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and "**;" Anstey's Bath Guide, the "Hearken, Lady Betty, hearken;"-take up, in short, Pope, 'Prior, Congreve, Dryden, Fielding, Smollett, and let 'the Counsel select passages, and what becomes of 'their copyright, if his Wat Tyler decision is to pass ' into a precedent? I have nothing more to say: you must judge for yourselves.

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'I wrote to you some time ago. I have had a tertian 'ague; my daughter Allegra has been ill also, and I ' have been almost obliged to run away with a married

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woman; but with some difficulty, and many internal struggles, I reconciled the lady with her lord, and 'cured the fever of the child with bark, and my own

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' with cold water. I think of setting out for England

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by the Tyrol in a few days, so that I could wish you Excuse my

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to direct your next letter to Calais.

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writing in great haste and late in the morning, or night, whichever you please to call it. The Third "Canto of "Don Juan" is completed, in about two ' hundred stanzas; very decent, I believe, but do not know, and it is useless to discuss until it be ascer'tained if it may or may not be a property.

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My present determination to quit Italy was un'looked for; but I have explained the reasons in let'ters to my sister and Douglas Kinnaird, a week or 'two ago. My progress will depend upon the snows ' of the Tyrol, and the health of my child, who is at present quite recovered; but I hope to get on well, ' and am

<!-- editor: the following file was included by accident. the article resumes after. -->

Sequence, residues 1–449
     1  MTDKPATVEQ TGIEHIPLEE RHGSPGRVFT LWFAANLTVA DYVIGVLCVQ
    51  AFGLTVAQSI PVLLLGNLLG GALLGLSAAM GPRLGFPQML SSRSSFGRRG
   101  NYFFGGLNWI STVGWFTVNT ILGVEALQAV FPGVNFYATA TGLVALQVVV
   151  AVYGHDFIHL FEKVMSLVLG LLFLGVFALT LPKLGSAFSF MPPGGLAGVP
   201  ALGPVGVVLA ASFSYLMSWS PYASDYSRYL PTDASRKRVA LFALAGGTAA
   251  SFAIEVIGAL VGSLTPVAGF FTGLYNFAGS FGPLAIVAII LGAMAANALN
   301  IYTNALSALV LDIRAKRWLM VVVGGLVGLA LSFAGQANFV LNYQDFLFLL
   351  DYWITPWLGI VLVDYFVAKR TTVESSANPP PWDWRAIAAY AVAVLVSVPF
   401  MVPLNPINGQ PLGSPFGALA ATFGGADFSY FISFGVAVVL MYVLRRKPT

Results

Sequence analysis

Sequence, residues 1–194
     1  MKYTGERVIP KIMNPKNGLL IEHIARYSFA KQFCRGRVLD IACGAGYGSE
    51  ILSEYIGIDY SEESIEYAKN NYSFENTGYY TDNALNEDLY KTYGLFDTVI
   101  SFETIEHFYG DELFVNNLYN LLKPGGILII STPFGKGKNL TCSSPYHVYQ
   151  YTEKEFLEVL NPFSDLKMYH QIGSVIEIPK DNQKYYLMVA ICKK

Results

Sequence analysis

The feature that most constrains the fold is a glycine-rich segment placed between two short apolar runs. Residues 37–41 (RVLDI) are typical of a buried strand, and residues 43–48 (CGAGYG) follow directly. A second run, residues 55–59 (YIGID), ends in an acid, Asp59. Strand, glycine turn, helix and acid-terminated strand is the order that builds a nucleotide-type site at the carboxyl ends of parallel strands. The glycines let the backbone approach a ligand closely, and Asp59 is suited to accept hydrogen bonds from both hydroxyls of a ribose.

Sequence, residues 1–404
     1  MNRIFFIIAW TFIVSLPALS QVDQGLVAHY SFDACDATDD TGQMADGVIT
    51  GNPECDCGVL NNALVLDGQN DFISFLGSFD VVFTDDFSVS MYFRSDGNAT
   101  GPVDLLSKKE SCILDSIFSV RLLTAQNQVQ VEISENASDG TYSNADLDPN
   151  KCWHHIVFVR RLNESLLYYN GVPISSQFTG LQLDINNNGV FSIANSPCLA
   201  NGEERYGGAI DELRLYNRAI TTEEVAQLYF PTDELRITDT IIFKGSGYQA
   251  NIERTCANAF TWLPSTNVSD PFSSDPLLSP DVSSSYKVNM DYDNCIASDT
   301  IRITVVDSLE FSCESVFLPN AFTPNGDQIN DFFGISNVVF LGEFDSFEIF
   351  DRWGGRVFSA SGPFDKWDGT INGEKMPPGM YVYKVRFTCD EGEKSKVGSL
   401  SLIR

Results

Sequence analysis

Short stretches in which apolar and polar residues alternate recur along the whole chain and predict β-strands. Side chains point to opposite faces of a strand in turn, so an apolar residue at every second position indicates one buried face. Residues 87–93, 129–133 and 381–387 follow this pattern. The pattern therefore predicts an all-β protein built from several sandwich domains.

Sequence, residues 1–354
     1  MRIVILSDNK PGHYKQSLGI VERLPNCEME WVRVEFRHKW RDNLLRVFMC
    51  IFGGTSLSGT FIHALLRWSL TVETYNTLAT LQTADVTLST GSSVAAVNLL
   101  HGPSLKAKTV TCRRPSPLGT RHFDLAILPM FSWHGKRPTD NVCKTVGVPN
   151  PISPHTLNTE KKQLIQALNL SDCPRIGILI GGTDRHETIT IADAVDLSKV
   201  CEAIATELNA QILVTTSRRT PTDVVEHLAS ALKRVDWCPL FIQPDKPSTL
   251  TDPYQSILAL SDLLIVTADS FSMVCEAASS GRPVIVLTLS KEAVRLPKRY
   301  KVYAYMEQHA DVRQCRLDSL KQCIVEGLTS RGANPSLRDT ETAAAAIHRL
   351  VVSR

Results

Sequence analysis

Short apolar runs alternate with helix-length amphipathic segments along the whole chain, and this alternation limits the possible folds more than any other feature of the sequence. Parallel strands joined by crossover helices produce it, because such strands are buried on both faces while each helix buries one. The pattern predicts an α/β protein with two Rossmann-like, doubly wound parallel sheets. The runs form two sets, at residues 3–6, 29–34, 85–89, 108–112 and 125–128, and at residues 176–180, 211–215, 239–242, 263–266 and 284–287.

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'Yours ever and truly.

you

'P.S. Many thanks for your letters, to which are not to consider this as an answer, but as an ac

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knowledgment.'

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The struggle which, at the time of my visit to him, I had found Lord Byron so well disposed to make towards averting, as far as now lay in his power, some of the mischievous consequences which, both to the object of his attachment and himself, were likely to result from their connexion, had been brought, as the foregoing letters show, to a crisis soon after I left him. The Count Guiccioli, on his arrival at Venice, insisted, as we have seen, that his lady should return with him; and, after some conjugal negotiations, in which Lord Byron does not appear to have interfered, the young Contessa consented reluctantly to accompany her lord to Ravenna, it being first covenanted that, in

future, all communication between her and her lover should cease.

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In a few days after this,' says Mr. Hoppner, in some notices of his noble friend with which he has favoured me, he returned to Venice, very much out

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of spirits, owing to Madame Guiccioli's departure, ' and out of humour with everybody and everything ' around him. We resumed our rides at the Lido, ' and I did my best not only to raise his spirits, but to 'make him forget his absent mistress, and to keep

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him to his purpose of returning to England. He 'went into no society, and having no longer any relish 'for his former occupation, his time, when he was not 'writing, hung heavy enough on hand.'

The promise given by the lovers not to correspond was, as all parties must have foreseen, soon violated; and the letters Lord Byron addressed to the lady, at this time, though written in a language not his own, are rendered frequently even eloquent by the mere force of the feeling that governed him-a feeling which could not have owed its fuel to fancy alone, since now that reality had been so long substituted, it still burned From one of these letters, dated November 25th, I shall so far presume upon the discretionary power vested in me, as to lay a short extract or two before the reader-not merely as matters of curiosity, but on account of the strong evidence they afford of the struggle between passion and a sense of right that now agitated him.

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You are,' he says, and ever will be, my first thought. But, at this moment, I am in a state most 'dreadful, not knowing which way to decide;-on the 'one hand, fearing that I should compromise you for

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ever, by my return to Ravenna and the consequences